This was the first time I’ve started a race wearing my waterproof jacket, with winds reportedly reaching 65kph and beyond on the summits, and torrential rain. I quickly lost the dexterity and feeling of my hands, not ideal for a race featuring both running and climbing. My background as a rock climber made the inclusion of Pinnacle Ridge an awe-inspiring and alluring prospect. However, as we faced the terrible weather the thought of a serious grade-three scramble made me edgy.
Sadly, though, it wasn’t just the weather that cast a shadow on the weekend. On the way to the Lakes Sarah had received the sad news that her aunt Margaret had been hospitalised and was on life support. She was a wonderful person, much admired by Sarah and I had the pleasure of meeting her when we were in Australia. She will be fondly remembered.
As neither of us had much experience or knowledge of the Lakeland fells, during our carbo-loading meal of potato salad the night before we meticulously went through the race route on our iPads, using the Ordnance Survey app, studying the route profile, taking into consideration the location of food stations and making ourselves aware of what to expect along the course. In retrospect we didn’t need to prepare any navigation aids as the race came under the remit of the Skyrunning series, which meant the course was very well marked, with flags every 25 metres or so.
As we made our way to the start line, and waited for the horn blower, I had a moment of equanimity, as fear and nervous tension were replaced by calmness. I think the bad weather brought some relief. The risk of dehydration was reduced, at least, admittedly to be replaced by the risk of exposure. But we were moving fast and light with a view to be competitive, and we saw the weather as an added challenge that would reward anyone willing to face it with ample kudos. I felt motivated and ready as we were unleashed onto the fells.
The leader set a good, if quick, pace for such a long race. I knew it wasn’t sustainable, but as the adrenaline kicked in I felt compelled to hold on and follow, just in case!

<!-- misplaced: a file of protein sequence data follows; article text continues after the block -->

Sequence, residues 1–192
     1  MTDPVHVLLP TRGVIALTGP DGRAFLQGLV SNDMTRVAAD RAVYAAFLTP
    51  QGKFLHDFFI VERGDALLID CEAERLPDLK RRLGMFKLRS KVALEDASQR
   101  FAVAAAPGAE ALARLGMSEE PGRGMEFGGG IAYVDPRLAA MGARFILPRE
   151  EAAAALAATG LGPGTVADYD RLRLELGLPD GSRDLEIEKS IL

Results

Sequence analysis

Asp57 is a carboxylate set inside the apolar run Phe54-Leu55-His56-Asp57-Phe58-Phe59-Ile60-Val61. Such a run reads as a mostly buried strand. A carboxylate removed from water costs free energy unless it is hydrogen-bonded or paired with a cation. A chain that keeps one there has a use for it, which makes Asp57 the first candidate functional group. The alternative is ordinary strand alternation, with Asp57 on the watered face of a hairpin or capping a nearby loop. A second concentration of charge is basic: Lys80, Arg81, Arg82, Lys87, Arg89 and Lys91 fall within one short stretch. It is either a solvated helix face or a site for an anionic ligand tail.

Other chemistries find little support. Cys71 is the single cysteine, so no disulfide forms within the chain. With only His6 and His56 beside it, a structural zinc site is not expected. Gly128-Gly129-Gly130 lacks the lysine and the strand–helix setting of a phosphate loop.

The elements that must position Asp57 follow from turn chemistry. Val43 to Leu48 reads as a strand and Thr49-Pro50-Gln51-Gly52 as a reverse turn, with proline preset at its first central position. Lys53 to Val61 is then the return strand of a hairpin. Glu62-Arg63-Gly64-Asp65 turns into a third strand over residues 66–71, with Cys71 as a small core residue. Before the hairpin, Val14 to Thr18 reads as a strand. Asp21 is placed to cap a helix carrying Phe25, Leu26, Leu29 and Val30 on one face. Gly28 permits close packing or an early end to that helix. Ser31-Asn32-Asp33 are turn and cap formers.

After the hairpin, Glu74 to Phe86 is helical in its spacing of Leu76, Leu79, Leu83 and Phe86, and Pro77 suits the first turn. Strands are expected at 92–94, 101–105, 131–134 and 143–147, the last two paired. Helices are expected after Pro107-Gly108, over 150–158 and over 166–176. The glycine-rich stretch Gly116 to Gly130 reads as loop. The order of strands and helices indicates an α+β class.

The first descent after Fairfield revealed an amazing view of Grisedale Tarn, quickly followed by a climb up a grassy slope onto Helvellyn. By this time Norwegian athlete Eirik Haugsnes had caught up and looked strong; he queried me about the leader and if he normally sets such a rapid pace at the beginning of a race.
We worked well as a trio for a while, but the brakes were truly engaged as we negotiated the first technical section of Swirral Edge. We probably looked like ducks out of water, but I prefer to imagine we were like ducks coming to land, in perfect formation. At any rate we lost our grace for a while until we adapted to the greasy Lakeland rock. The pack was reduced to Eirik and me as we climbed Catstycam, followed by a fast technical descent negotiating a whole range of terrain, from zig-zagging scree, tussocks, the odd boulder field and small streams that you had to hop over, or stop and have a swig of pure mountain water. The next climb was hard to Birkhouse Moor, steep tussock grass again but Eirik was unfazed and strode out into a brisk race walk. I held on for dear life, not ready to run my own race quite yet but suddenly felt I still had a lot to learn as I approached the end of my second season of racing.